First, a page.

222 Pinus strobusCommon Names: eastern white pine, northern white pine, northern pine, soft pine Family: Pinaceae (pine Family)
The eastern white pine is a large, beautiful conifer commonly growing to 150 ft (45.7 m) or more in height and 2-4 ft (0.3-1.2 m) in diameter. It has slender light green to bluish-green needles up to 5 in (12.7 cm) long, occurring in bundles (called fascicles) of five. The needles are prominently marked by a white line along their entire length. At maturity, the white pine often has a clear, cylindrical trunk for two thirds of its height, topped by a gracefully irregular, horizontally spreading crown. Its bark starts as smooth and dark green on younger trees and matures to fissured rectangular blocks on older trees. There are separate male and female reproductive structures called strobili that appear in spring (pines are gymnosperms and do not have true flowers). Once fertilized female seed-bearing cones form that are 4-10 in (10.2-25.4 cm) long.
White pine (Pinus strobus) is most abundant, and attains its best growth on moist sandy sites in eastern North America from Newfoundland and Ontario in Canada, throughout the Great Lakes region, the Northeast United States and south down the Appalachian Mountain range to northern Georgia in the United States.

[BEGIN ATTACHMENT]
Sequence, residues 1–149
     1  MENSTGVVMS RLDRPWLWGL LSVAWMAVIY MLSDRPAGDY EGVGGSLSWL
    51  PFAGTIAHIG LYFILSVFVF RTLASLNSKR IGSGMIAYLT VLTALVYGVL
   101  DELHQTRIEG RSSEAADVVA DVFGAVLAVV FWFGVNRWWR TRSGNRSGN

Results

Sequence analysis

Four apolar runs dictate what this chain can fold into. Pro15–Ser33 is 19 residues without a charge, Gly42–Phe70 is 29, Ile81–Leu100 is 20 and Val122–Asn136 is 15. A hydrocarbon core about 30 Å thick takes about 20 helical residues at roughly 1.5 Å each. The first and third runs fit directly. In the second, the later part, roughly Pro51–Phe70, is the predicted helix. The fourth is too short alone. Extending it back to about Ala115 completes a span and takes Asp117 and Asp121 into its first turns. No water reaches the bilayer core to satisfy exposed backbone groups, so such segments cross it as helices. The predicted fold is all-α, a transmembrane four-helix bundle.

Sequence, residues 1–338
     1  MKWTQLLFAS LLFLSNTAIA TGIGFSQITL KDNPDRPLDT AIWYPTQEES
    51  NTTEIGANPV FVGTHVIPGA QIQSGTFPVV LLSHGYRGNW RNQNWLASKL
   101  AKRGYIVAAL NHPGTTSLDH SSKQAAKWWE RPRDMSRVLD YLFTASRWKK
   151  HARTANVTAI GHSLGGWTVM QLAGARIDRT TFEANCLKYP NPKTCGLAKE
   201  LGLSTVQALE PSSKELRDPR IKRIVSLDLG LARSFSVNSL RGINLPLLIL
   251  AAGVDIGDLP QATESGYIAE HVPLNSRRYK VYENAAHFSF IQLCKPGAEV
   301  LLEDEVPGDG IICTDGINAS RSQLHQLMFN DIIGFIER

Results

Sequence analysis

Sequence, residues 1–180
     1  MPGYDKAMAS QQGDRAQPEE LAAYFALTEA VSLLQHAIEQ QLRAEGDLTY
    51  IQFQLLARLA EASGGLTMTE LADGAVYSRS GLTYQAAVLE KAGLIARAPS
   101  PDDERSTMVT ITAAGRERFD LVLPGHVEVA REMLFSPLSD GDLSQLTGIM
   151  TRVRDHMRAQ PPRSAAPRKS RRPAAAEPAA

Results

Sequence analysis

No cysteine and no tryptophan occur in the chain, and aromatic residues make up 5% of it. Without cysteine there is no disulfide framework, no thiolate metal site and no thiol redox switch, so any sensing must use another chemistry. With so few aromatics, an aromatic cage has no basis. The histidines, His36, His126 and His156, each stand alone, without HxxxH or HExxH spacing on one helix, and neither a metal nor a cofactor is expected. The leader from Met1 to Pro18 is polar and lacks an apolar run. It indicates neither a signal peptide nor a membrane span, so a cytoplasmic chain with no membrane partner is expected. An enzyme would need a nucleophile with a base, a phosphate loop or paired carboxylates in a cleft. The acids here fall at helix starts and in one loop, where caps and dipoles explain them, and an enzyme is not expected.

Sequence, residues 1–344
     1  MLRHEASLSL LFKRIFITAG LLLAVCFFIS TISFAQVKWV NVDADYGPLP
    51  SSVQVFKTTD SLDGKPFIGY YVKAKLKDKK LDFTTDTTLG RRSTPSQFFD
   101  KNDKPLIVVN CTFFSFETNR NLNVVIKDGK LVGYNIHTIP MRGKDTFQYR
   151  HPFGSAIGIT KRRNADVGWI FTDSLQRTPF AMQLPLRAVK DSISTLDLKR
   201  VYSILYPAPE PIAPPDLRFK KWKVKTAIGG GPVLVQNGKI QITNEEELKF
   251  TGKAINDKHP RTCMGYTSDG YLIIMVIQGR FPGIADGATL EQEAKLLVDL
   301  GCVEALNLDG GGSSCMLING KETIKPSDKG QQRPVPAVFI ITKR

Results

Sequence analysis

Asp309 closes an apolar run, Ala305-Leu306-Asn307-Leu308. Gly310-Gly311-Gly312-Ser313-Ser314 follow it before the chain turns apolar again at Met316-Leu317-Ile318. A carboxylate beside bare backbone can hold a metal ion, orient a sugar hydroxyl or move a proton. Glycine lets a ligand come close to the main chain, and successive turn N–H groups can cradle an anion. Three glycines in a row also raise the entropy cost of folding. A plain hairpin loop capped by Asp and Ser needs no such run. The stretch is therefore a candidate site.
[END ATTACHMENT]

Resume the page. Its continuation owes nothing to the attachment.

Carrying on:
CultureWhite pine does not like very loose or very compacted soils and is not salt tolerant. Light: Full sun to partial shade. Moisture: Moist, well drained. Hardiness: USDA Zones 4 - 7. Propagation: By seed with cold stratification.
This magnificent evergreen tree makes a fine addition to the landscape especially in the northeastern United States. Beautiful and fast growing, the white pine is widely planted as both an ornamental and in reforestation projects.
White pine was, and still is, an important timber tree in the forest products trade. It's wood is used for pulp and lumber and its sticky resin provided the base for the naval stores industry. The tall, straight trunks were once prized for ships masts in the colonial period. Native Americans applied strips of white pine bark to wounds for faster healing. Preparations made from the bark are still used in "natural" cough and cold medicines.
In the opinion of noted horticultural expert Dr. Michael Dirr, the Pinus strobus is the best pine for landscape use in its range!
Seeds of the white pine were introduced to England from Maine in the 1600?s where it is still a popular landscape item. Bare root seedlings are often passed out at schools and other organizations on Arbor Day. This fast growing beauty can reach 40 ft (12.2 m) in 20 years.
White pine is the provincial tree of Ontario and the state tree of Maine and Michigan.
Jack Scheper 12/09/97; updated 01/03/01, 12/18/03, 7/29/04